September 8th, 2016The other side of non-disclosure agreements

What is the purpose of a non-disclosure agreement (NDA)?

Many inventors and investors alike think an NDA exists solely to protect an idea or invention from thievery. Based on that, the investor may balk at signing it. Why would an investor steal your idea when he or she is funding it, after all?

Richard Gearhart, Esq., Founder, Gearhart Law

BUT – Although the NDA does guard against theft of your intellectual property, it has another, and, I would argue, almost more important function in the patent world.

How could that be? First let’s talk about what a public disclosure is and how an NDA prevents this, then we’ll discuss why it means so much for patents. A public disclosure happens when you tell another person about your invention (unless they’re a co-inventor). But, if you have a signed NDA from the person with whom you’re discussing the invention, then it’s not public, so no public disclosure has taken place.

Who cares about a public disclosure? The US patent office does, and foreign patent offices too, but they’re much more strict. In the US, you have one year in which to file a patent after a public disclosure. In legalese it’s called a ‘one year bar’. If you don’t file within that year, you can NEVER get a patent on your invention as disclosed. If you make significant changes to your invention you may be able to patent the modified version, but that’s not even a sure bet.

How can foreign countries be more strict than that? They don’t even give you that year. Once you’ve made a public disclosure of your invention, you can NEVER get a patent in Europe or in a number of other countries either. In legalese that’s called an ‘absolute bar’.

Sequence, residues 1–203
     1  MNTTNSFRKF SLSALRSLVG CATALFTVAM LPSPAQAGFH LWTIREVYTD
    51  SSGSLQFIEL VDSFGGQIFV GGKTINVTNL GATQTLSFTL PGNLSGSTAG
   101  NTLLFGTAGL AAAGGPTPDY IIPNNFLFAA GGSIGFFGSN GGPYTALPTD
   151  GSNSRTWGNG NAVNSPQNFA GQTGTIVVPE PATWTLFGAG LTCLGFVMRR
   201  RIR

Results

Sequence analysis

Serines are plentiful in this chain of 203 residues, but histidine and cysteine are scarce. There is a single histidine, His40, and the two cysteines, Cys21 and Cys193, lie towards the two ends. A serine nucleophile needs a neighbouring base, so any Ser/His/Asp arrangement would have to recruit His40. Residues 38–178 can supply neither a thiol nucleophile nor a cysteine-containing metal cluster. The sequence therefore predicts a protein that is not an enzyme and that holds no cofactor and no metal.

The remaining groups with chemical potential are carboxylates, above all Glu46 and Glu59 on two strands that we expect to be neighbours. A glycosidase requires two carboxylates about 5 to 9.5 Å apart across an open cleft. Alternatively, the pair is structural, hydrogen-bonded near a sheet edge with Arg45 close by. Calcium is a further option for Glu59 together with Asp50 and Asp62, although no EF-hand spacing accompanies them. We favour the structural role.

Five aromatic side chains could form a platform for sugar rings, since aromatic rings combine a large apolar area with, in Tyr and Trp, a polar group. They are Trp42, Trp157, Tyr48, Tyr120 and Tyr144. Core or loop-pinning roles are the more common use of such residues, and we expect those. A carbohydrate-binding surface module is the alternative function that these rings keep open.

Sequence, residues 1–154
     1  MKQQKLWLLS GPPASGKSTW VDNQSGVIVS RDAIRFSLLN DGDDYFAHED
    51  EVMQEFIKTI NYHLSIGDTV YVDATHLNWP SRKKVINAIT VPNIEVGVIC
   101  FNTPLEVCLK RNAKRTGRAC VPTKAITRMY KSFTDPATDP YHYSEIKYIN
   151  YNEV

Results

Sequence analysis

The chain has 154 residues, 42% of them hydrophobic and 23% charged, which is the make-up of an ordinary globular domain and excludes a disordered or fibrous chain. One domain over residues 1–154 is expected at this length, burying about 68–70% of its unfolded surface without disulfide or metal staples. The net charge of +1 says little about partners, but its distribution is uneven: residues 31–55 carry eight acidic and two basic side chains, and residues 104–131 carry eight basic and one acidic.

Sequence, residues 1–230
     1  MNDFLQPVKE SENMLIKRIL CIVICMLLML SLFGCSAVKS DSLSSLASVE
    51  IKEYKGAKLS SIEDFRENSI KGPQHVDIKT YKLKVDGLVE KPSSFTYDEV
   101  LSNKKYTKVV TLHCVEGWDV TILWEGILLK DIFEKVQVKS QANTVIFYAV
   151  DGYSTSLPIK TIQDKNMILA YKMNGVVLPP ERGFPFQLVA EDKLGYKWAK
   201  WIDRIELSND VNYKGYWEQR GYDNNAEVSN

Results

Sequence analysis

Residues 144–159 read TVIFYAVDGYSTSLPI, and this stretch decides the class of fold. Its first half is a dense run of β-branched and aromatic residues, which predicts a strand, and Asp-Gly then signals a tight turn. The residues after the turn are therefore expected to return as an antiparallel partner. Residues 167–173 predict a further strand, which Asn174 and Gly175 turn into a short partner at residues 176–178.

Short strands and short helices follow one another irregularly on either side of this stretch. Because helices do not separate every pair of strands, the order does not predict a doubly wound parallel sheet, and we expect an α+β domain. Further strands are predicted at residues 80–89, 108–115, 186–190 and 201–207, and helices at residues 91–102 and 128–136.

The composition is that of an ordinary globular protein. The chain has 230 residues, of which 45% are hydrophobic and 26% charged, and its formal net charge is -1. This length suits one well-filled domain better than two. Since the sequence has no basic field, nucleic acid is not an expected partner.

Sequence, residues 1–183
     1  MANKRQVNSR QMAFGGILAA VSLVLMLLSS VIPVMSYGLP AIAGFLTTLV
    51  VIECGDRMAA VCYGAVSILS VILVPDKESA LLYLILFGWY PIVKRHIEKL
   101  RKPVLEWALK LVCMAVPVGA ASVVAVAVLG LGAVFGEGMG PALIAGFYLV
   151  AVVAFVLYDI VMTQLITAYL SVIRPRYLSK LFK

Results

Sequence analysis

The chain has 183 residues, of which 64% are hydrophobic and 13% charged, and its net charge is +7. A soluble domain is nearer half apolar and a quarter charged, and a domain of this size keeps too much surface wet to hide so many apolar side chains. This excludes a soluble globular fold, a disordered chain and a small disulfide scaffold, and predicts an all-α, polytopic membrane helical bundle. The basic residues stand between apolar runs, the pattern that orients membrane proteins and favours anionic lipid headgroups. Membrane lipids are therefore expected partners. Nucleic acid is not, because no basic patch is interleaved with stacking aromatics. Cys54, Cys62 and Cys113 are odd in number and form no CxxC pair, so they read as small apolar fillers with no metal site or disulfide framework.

So what is a public disclosure? It’s telling anyone about your idea or invention if they’re not a co-inventor and they haven’t signed an NDA. You may do this, for instance, if you present a detailed description of your invention at a conference, during a pitch presentation, display it at a trade show, or even sell just one item or tell one investor. If you do that, you’d better have a patent on file already or you’ve just lost all of your patent rights in Europe and other countries for that invention.

Please note – you can tell your patent professional about your invention without its being a public disclosure. Most patent professionals (and certainly the team here at Gearhart Law) have a blanket NDA covering everything they discuss with clients. If you’re using a law firm, you also have attorney/client privilege, and your attorney won’t discuss your idea with anyone else without your permission.

So yes, the NDA protects against thievery, and unfortunately thievery does happen. But if you’re working with an investor who doesn’t want to sign an NDA because he or she isn’t a thief and expects you to trust them, please tactfully remind them of the importance of the NDA for preserving your patent rights in Europe and elsewhere.

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